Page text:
Workout Log 1 Dec 2012
30 minutes air-conducting after 48 hours bed rest to see if can reduce stiffness, swelling and pain from moving around. Pain’s moderate and going away but only with prescribed painkillers including prolonged-release morphine sulfate.
These little purple pills
…kill motivation to perform more serious tasks although I can overcome that simply by focusing on a real dumb task such as mastering the Macintosh “way” of using the keyboard for data entry without a mouse. The slight wooziness lifts with coffee and a reduction in pain, that results from draping the “cairn” leg (the leg that feels like a pile of stones) properly over another chair.
But I am finding these continual limits on movement, and the consequent unpredictability of life, rather … depressing where I use “depressing” and “depression” to include acting out self-reflexively based on the thought that “I am left alone to fight depression”.
Writing helps fight this thought since writing takes place in public.
You hear a lot about cancer pain. All I know is my own regime and that there’s people who endure cancer using nothing more than a toothpick as an analgesic.
Note that toothpicks are surprisingly analgesic. The reason may be that one reacts with a Clint Eastwood style grimace to the tastelessness of shadow fibre but then relaxes the grimace in a way that releaseth stress, and then one settles down to reduce the pulp to pure fibre without any danger to one’s system that I know of: it’s just wood.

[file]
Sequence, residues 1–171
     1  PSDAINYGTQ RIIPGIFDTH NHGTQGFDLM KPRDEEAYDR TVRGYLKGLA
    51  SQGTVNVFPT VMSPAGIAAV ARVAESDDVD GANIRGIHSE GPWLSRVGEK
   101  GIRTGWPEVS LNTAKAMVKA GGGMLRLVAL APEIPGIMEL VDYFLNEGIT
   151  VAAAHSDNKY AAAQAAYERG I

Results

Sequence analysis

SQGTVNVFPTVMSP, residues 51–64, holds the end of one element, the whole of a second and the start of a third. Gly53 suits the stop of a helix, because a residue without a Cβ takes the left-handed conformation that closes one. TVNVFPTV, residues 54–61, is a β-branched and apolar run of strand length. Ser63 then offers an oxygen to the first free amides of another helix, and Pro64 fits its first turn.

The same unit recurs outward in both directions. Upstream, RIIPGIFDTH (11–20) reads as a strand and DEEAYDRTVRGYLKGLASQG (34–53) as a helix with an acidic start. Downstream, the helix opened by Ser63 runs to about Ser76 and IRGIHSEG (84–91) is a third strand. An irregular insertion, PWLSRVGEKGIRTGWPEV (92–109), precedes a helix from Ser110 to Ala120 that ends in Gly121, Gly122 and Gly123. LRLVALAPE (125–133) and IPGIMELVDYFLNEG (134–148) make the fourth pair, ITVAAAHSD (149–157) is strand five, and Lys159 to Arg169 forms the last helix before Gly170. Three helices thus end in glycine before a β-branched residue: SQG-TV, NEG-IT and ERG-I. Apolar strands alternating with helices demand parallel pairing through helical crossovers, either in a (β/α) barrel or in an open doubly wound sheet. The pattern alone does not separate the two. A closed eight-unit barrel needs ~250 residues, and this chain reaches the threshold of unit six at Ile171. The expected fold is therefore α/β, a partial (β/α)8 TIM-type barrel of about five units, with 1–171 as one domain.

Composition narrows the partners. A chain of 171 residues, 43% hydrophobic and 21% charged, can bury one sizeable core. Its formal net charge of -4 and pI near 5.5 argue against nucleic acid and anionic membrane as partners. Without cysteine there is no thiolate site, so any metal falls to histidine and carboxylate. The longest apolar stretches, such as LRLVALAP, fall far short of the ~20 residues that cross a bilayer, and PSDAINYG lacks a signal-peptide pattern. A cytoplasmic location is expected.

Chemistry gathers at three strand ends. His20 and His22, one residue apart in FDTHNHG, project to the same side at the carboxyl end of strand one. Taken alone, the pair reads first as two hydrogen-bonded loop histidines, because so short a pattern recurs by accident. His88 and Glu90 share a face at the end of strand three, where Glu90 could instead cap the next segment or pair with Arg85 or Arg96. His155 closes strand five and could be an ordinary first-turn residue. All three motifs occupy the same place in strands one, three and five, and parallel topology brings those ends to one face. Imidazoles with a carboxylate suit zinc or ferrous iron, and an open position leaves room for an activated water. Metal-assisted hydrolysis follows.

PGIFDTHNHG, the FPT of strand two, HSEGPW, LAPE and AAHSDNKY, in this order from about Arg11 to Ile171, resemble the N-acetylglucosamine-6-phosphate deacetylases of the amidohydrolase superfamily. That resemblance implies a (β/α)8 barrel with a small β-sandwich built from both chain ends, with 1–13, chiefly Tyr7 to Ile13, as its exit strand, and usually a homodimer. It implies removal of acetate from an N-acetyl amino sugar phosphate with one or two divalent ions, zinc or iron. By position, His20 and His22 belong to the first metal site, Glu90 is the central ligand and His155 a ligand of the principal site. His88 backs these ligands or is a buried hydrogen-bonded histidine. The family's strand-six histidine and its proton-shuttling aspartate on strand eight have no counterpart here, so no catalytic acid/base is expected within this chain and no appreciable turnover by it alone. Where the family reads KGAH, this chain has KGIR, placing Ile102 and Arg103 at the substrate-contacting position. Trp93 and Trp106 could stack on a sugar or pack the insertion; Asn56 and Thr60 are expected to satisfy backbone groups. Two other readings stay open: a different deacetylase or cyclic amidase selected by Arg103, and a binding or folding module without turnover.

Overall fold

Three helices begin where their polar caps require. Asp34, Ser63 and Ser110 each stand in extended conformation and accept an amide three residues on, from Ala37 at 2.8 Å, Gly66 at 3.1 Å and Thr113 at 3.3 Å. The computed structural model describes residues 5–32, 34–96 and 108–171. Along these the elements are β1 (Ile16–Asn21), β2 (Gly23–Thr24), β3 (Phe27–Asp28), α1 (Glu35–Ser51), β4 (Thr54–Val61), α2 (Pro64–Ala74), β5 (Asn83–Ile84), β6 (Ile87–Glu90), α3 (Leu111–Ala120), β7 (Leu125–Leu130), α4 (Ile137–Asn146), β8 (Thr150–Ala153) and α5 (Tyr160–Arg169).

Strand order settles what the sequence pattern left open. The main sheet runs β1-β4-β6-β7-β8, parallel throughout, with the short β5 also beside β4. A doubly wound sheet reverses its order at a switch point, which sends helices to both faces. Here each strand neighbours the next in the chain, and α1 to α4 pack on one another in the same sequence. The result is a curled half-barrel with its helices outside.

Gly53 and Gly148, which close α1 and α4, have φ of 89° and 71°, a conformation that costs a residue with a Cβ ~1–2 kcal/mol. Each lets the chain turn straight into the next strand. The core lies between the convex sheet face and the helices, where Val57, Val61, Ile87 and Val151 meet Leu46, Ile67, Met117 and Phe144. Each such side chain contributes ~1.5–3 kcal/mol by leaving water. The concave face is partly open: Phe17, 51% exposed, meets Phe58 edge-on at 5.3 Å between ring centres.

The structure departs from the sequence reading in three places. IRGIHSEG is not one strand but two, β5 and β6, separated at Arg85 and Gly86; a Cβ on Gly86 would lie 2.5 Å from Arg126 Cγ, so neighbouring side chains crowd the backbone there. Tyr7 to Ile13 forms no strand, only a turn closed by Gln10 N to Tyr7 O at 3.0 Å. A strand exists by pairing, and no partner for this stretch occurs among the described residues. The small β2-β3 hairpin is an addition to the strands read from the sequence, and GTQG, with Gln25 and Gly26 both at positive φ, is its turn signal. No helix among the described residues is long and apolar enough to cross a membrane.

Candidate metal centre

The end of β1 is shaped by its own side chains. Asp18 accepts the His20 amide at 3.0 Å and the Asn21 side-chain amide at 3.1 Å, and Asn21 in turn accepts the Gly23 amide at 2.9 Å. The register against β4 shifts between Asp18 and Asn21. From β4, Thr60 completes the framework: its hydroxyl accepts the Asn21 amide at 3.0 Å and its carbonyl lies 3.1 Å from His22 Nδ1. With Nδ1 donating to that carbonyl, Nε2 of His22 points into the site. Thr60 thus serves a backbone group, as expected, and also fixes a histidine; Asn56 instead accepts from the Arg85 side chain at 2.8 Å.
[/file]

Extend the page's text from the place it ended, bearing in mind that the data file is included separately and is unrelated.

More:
La Recit de La Maestro
The Incomprehensible Maestro favored nay spoiled us with air-conducti of 2 Beethoven movements: the sublime paean that ends Beethoven’s Sixth or “Pastoral” symphony, and the “Apotheosis of the Dance” of the first movement of the Seventh Symphony.
Our dear IM and his handlers, Messrs. Samson and Ajax, were perfect lambs ce soir with neither the IM staggering up to the podium in Promethean enthusiasm nor his helpers pretending to resist, while actually assisting our Maestro.
Perhaps, they conspire.
A Book from My Stack
Paulin, Tom, The Day-Star of Liberty: William Hazlitt’s Radical Style. London 1998: Faber and Faber.
Hazlitt almost forgotten in America despite his massive contribution to our understanding of Shakespeare: when I was a kid, exploring the then-numerous second-hand book shops of Evanston, Illinois one could find several anthologies including Hazlitt’s essays. Not so today, because Hazlitt was, as a follower of literary and political principles quite distinct from those of Pitt or even Fox, and associated with Cobbett’s linguistic rectification (cf. Cobbett’s Grammar of the English Language) too “progressive” to be cast in marble…too immediate, with his disordered personal life.
Paulin shows us that Hazlitt’s prose has itself a poetics and can be analyzed as we analyze poetry.